Editor, Townsman:

I am 26 years old and I have decided I do not want kids. It would be immoral to bring a child into the abysmal future we face in this climate crisis. I place the blame on the illusion that our government is doing its job, and I am writing in support of transparency in the Massachusetts Statehouse.

We cannot pass any additional progressive climate bills until we fix the transparency and accountability problems in the Statehouse. Until the other day, the last time a progressive climate change bill passed through the Statehouse was in 2008. I was 14 and in eighth grade.

Since then we have learned that climate change is much worse than we thought. If Massachusetts residents were able to truly hold their representatives accountable and have influence over which bills passed, we would have committed to 100% renewable energy years ago.

Massachusetts has one of the least transparent statehouses in the country. With few exceptions, our legislators vote in secret. This fosters a corrupting system in which legislators are more accountable to corporations and special interests than to their own constituents. The result is that our Statehouse fails us by prioritizing modest, incremental changes which appease lobbyists instead of truly reflecting the values of citizens.

Popular progressive policy dies in our Legislature year after year, thanks to a system so confusing and complicated that voters cannot influence the process.

A serious lack of transparency means constituents are left in the dark as to how their representatives vote. It means you can go to a hearing to support legislation but then watch helplessly while a private committee kills that bill without having to justify its decisions.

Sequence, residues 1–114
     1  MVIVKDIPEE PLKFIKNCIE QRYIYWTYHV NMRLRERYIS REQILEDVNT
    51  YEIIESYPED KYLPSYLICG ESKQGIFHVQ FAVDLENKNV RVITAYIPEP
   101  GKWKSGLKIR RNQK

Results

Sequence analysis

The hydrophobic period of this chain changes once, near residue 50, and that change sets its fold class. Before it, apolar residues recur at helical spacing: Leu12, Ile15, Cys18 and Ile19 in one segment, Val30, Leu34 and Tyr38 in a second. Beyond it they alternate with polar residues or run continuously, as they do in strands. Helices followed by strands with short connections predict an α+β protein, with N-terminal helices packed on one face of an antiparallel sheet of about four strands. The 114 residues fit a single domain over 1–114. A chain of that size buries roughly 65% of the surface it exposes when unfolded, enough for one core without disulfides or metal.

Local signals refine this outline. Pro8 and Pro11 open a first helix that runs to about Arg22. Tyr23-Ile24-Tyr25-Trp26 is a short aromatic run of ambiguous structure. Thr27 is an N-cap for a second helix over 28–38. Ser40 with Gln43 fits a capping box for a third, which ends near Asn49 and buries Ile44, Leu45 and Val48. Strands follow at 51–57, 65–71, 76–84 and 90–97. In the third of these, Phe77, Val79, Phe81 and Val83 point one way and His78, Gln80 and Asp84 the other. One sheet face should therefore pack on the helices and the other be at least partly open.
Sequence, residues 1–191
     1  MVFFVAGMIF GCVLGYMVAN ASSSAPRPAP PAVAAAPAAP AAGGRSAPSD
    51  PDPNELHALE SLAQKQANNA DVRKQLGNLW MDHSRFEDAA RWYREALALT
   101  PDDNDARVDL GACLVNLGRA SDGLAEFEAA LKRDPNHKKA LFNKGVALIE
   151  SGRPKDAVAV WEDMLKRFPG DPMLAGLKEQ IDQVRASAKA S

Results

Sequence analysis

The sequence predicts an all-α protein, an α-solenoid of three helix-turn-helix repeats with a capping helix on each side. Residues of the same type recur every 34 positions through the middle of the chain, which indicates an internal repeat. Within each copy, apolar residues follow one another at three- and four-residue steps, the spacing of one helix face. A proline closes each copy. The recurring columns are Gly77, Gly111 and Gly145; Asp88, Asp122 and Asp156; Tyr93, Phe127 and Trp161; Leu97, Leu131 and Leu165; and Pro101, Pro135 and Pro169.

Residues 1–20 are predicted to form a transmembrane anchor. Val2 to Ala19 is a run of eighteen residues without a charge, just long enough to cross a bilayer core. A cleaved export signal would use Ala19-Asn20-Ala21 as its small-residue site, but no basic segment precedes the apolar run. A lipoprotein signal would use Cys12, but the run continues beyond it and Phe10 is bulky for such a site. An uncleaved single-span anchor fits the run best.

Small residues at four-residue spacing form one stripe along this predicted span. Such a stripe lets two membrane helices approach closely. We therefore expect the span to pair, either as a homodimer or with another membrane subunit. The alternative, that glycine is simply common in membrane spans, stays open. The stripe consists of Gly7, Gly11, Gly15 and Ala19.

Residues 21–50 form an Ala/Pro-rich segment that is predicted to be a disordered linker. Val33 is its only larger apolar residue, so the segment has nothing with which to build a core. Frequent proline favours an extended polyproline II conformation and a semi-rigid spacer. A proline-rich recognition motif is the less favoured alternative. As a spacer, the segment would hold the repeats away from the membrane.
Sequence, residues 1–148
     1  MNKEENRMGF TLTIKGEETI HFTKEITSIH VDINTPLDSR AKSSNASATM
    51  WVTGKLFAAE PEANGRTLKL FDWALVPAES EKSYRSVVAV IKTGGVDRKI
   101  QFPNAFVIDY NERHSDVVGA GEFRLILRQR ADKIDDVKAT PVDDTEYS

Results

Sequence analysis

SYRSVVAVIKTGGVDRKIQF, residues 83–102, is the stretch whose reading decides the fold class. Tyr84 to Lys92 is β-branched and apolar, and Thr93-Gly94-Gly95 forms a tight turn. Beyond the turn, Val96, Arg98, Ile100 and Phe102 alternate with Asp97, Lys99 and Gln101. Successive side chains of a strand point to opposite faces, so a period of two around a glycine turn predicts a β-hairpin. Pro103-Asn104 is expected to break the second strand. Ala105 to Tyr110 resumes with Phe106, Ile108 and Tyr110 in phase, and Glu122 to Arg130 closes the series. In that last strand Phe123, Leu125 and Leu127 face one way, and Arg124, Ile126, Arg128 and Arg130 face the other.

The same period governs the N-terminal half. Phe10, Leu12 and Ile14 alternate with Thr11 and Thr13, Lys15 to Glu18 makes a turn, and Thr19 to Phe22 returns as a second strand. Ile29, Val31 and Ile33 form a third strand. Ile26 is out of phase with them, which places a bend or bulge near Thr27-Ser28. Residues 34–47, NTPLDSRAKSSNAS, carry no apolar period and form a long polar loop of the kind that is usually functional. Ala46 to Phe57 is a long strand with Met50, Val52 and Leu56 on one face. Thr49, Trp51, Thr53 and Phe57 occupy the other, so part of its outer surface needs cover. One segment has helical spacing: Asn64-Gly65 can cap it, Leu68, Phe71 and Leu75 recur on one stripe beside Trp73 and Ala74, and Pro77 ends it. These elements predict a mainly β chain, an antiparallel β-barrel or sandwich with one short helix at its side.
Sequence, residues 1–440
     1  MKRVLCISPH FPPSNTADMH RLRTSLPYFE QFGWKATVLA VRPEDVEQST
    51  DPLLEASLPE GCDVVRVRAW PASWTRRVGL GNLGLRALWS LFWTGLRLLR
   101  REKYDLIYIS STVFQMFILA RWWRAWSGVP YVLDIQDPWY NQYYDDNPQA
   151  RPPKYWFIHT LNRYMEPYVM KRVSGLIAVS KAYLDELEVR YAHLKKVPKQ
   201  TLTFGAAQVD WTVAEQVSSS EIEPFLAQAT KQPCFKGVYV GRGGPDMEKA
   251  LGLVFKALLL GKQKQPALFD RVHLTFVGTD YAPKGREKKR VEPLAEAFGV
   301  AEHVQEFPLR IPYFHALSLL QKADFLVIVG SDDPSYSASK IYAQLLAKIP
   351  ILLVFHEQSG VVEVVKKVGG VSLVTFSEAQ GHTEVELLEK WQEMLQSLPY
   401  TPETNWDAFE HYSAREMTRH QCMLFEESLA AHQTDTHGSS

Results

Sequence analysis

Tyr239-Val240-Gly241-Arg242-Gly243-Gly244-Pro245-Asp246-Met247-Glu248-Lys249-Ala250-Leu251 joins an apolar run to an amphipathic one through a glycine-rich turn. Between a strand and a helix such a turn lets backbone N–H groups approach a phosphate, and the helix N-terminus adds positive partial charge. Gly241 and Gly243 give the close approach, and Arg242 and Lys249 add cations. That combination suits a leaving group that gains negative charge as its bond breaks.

If you ask your representatives why action wasn’t taken, you’ll usually get a long answer about backroom deals and “how the game is played.” But this isn’t a game.

My decision to join Act on Mass and the Transparency is Power campaign was the culmination of frustrations I’ve had with my government’s lack of accountability. The campaign is ready to change the status quo.

With support from over 2,500 people in the state we’ve asked legislators to change the session rules to: 1. Make all committee votes public; 2. Make all bills available to the public at least 72 hours prior to a vote; and 3. Lower the threshold for calling for a publicly recorded roll call vote from 16 representatives to eight representatives.

My representative, Rep. Frank Moran, has voted against similar transparency amendments in the past. In order for change to be made this time, a majority of state representatives must agree in a vote that usually happens at the beginning of the legislative session but this time has been postponed in the House.

We need at least 81 state representatives to commit.

There is much at stake if we fail.

The climate crisis may not threaten my future as severely as many other Massachusetts residents. People of color, refugees and immigrants make up the majority of the 17th Essex District and are the vulnerable to the effects of a decaying planet.

The crisis will only exacerbate social inequalities and will continue to do so absent urgent action by government.

Our broken Statehouse not only halts progress on climate-related issues but on almost every consensus issue that affects constituents’ daily lives. Without transparency we cannot pass policies with broad popular support such as same-day voter registration, police reforms, proper public school funding, fixing the housing crisis or protecting immigrants from Immigration and Customs Enforcement.

The people of Massachusetts deserve a Statehouse that represents and serves them. Moran and our other representatives are supposed to work for us.

Ellie Denison



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